Molecular markers (isozyme and DNA) have been used to map apple and have helped to elucidate the inheritance of some morphological traits. In this project random amplified polymorphic DNA (RAPD) and isozyme markers were used to create maps for `Wijcik McIntosh, a columnar (reduced branching) sport of `McIntosh' and NY 75441-67, an advanced selection from the multiple disease resistance breeding program. NY 75441-67 is resistant to scab source of resistance from M. floribunda) and resistant to cedar apple rust. `Wijcik McIntosh' is being used in the breeding program as a source of the dominant gene, Co, for reduced branching, but there is also interest in this genotype because of the tremendous variation in plant form observed in progenies segregating for columnar habit. Some of these form variants may be of greater commercial interest than the parental material. Morphological traits examined in this progeny included plant height, stem diameter, suckering, branching habit, spur production, and internode length. The usefulness of molecular markers to pre-select for components of plant form is being examined. Molecular markers promise to aid our understanding and manipulation of quantitative morphological traits.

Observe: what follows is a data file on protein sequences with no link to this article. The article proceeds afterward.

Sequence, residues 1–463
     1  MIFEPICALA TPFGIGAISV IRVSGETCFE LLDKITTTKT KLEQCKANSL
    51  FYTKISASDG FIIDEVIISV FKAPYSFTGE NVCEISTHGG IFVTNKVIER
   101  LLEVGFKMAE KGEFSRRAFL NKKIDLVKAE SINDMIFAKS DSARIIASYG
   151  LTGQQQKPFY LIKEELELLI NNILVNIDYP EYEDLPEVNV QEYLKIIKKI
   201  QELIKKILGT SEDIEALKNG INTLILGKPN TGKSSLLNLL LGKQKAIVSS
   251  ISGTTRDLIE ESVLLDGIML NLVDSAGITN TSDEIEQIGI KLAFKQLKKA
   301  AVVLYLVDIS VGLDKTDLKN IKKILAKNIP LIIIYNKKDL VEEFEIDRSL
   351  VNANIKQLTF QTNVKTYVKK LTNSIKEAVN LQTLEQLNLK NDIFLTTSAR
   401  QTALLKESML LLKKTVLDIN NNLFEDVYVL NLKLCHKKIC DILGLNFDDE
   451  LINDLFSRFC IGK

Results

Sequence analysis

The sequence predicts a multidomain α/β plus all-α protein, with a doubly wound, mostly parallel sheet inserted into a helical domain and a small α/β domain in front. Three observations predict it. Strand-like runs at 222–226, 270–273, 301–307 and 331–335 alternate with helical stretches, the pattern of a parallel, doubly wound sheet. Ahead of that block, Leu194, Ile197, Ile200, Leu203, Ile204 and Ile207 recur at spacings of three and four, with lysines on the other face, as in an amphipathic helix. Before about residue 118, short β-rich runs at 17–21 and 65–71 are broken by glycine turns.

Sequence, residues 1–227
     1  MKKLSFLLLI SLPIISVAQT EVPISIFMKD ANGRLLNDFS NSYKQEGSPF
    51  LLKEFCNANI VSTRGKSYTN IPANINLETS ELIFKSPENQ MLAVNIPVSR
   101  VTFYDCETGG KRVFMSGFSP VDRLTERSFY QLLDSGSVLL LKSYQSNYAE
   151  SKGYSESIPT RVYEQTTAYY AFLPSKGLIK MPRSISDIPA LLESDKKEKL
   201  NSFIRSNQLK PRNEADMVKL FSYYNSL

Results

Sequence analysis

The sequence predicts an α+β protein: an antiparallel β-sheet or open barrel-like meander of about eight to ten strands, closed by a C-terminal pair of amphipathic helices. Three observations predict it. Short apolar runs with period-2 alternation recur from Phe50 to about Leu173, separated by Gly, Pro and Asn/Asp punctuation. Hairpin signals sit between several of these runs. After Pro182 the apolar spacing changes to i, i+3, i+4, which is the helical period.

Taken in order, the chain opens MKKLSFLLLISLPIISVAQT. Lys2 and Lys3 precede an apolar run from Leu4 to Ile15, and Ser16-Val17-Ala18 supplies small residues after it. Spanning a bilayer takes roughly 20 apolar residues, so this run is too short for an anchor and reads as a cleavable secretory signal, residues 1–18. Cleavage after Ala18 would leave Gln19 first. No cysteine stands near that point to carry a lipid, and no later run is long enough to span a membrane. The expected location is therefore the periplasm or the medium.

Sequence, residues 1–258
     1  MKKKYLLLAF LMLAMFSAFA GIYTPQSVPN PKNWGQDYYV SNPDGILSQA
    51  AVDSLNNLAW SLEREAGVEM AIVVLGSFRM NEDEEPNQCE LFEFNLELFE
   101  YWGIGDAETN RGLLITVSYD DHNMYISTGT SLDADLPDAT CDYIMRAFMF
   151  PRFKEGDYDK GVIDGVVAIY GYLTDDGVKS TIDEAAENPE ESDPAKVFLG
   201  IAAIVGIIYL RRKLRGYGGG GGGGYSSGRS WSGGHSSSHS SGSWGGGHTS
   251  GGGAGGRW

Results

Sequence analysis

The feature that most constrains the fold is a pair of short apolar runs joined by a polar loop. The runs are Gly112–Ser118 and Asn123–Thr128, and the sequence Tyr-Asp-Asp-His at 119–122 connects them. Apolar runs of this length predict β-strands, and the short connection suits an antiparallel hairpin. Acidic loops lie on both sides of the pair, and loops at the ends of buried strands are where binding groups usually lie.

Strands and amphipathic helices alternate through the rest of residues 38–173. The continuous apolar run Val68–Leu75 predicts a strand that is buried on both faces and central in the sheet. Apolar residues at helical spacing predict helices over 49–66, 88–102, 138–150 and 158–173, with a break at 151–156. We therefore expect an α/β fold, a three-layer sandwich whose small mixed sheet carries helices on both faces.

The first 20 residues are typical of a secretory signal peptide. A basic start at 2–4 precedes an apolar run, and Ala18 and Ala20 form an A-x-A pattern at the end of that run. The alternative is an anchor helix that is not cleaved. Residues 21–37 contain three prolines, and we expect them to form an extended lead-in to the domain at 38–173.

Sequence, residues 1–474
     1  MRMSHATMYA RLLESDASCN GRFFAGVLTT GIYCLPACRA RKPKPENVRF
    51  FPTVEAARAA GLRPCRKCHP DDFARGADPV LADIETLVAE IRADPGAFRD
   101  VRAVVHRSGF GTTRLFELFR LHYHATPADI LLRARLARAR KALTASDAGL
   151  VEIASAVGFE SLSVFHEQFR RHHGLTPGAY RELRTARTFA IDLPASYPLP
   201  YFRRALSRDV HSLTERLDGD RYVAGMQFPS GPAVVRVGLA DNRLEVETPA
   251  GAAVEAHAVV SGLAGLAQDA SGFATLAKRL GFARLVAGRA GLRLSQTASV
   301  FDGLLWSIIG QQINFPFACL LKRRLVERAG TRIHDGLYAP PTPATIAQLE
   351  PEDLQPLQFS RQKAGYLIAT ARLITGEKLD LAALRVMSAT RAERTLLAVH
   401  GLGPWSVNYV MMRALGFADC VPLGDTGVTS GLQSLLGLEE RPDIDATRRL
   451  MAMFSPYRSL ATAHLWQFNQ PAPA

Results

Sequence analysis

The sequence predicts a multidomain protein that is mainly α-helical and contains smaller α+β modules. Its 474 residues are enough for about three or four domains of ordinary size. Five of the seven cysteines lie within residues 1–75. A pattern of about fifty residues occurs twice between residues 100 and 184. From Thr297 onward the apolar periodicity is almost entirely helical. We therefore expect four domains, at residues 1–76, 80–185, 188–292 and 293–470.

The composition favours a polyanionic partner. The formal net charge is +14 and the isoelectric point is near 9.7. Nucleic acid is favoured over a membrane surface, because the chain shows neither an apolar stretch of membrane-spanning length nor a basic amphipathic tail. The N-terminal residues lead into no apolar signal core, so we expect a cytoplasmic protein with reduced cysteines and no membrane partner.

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Minou Hemmat, Norman F. Weeden and Susan K. Brown

Apple scab, Venturia inaequalis (Cke.) Wint., is one of the most damaging diseases of apples. Although fungicide sprays have been used to control the disease, genetic resistance in existing commercially important varieties would be desirable. Identification of molecular marker(s) would be helpful in devising biotechnological approaches to control the disease. We used bulk segregant analysis to identify RAPD markers that cosegregate or display a tight linkage with Vf gene in Prima × Spartan cross. Using this approach, we are saturating the region around the scab resistance gene for the purpose of bracketing the locus. We have identified several markers associated with the Vf locus. The closest markers have been isolated and sequenced to be used as SCARs. The relationship and distances of the markers with the Vf locus and other previously reported markers will be discussed.